VANCOUVER (Reuters) - Canada’s oil-rich province of Alberta ramped up its fight with western neighbor British Columbia over a crude oil pipeline expansion on Friday, announcing a task force to prepare new retaliatory measures in the trade battle.
British Columbia last week provoked the ire from Alberta when it said it would restrict increased oil shipments through the province, a move seen as an attack on Kinder Morgan Canada’s Trans Mountain pipeline expansion project.
Alberta retaliated by halting purchases of British Columbia wine, and asked the federal government to step in to assert its jurisdiction over the C$7.4 billion ($5.9 billion)project, which was approved by Canada in 2016.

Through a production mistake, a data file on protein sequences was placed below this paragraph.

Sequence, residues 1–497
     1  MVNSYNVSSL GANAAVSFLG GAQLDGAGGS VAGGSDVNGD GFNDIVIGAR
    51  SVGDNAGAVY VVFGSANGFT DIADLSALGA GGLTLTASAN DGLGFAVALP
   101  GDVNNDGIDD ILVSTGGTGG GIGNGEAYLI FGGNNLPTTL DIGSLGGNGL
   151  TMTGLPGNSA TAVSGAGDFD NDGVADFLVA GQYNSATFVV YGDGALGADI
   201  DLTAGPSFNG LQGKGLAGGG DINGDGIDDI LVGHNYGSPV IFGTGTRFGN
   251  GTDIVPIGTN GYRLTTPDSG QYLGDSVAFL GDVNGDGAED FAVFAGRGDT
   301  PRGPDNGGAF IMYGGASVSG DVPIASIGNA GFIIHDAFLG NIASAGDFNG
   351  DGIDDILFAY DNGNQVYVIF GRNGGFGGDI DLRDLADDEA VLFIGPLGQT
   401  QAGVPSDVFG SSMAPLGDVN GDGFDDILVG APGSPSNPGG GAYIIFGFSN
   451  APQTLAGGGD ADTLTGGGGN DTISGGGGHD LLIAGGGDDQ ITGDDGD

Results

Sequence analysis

The expansion project would nearly triple capacity of the existing Trans Mountain pipeline, which extends from Alberta’s energy heartland to a Vancouver area port, helping get more Canadian crude to tide water for export.
The task force, established by Alberta Premier Rachel Notley, includes former politicians, business leaders and a legal scholar.
Reporting by Julie Gordon in Vancouver; Editing by Chris Reese